To further explain, you’re familiar with the immune system, right? It protects your body from foreign invaders by creating specific proteins, called antibodies, that attack specific agents like bacteria and viruses. Biologics are antibodies designed to attach to specific proteins involved in causing IBD inflammation.
Ultimately, biologics interact with your immune system and DNA to attack IBD’s inflammation-causing proteins.
Pre-Infusion Prep Work
It took a few weeks to get everything set up for Remicade. Everything had to get approved through my insurance (ugh, always a process) and I had to get a TB skin test.
A TB (tuberculosis) skin test is a screening where you see if you retract tuberculosis. A medical professional will inject a small amount of fluid into your arm—this is called the “placement”.
Then, between 48 and 72 hours, you return to the facility to get it “read”. The medical professional will look for a raised bump and any swelling around the injection site.
If you test positive, additional tests are needed and you may not be able to receive the biologic. (Time to talk with your doctor about what the next steps would be).
If you test negative, you pass and can get the infusion. TBs typically need to be renewed every year.
Infusion #1: February 2015
One fine weekday in February 2015, I missed class to go get my first Remicade infusion.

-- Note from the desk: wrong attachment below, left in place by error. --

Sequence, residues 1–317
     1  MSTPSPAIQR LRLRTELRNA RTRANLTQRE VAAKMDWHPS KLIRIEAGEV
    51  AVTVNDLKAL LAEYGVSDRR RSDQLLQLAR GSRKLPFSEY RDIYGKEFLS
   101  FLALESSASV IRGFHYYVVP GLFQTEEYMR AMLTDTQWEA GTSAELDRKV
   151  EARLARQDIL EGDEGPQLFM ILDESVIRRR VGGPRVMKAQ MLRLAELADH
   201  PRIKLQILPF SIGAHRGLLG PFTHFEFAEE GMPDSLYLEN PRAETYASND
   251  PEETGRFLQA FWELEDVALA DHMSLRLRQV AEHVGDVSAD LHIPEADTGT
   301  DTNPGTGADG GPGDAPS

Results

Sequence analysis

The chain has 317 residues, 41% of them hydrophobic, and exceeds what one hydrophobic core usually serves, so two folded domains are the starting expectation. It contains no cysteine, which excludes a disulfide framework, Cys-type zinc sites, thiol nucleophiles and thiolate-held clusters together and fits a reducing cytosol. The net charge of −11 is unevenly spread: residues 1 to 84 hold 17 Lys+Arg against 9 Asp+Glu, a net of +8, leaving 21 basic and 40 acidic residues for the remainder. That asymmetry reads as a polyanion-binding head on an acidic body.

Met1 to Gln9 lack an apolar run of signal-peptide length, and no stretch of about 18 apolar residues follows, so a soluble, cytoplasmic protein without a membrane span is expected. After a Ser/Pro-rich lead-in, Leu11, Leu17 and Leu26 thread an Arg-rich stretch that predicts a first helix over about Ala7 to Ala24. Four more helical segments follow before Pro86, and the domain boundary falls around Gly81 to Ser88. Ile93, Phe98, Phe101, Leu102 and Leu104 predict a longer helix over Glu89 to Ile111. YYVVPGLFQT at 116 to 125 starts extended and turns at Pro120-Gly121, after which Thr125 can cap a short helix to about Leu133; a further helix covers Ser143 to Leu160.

I drove myself to the hospital, hands clinging to the wheel.
Feeling totally unprepared.
Absolutely no expectations because I had no clue what this experience would be like.
(Looking back, I’m surprised I didn’t bring by then-boyfriend, Tyler, or my mom with me! Hmm.)
The drive felt like forever and five minutes at the same time. Finally finding a parking place after twisting my way through the intertwined roads of Sacramento, I drew in a breath. Pep talk time. Okay colon, I’m taking back the reins. If it takes shoving a needle into my arm and getting a medication placed directly into my veins, so be it.
Once in the office and after sitting a few minutes in the waiting room for a few minutes, a nurse walked me to the back. She took my temperature, height, and weight, explaining that they’ll take my weight every time because it determines how much Remicade you get that day.
I started with the lowest dosage, which is 5mg per kg of body weight.
Next, she led me back to what I guess what you can call the patient lounge. There were a dozen chairs throughout the room with people hooked up to IVs.
I have to say, the mood was a bit dim. Remicade is typically dosed in the chemotherapy ward, so some patients were receiving cancer treatment and others were collecting meds for rheumatoid arthritis.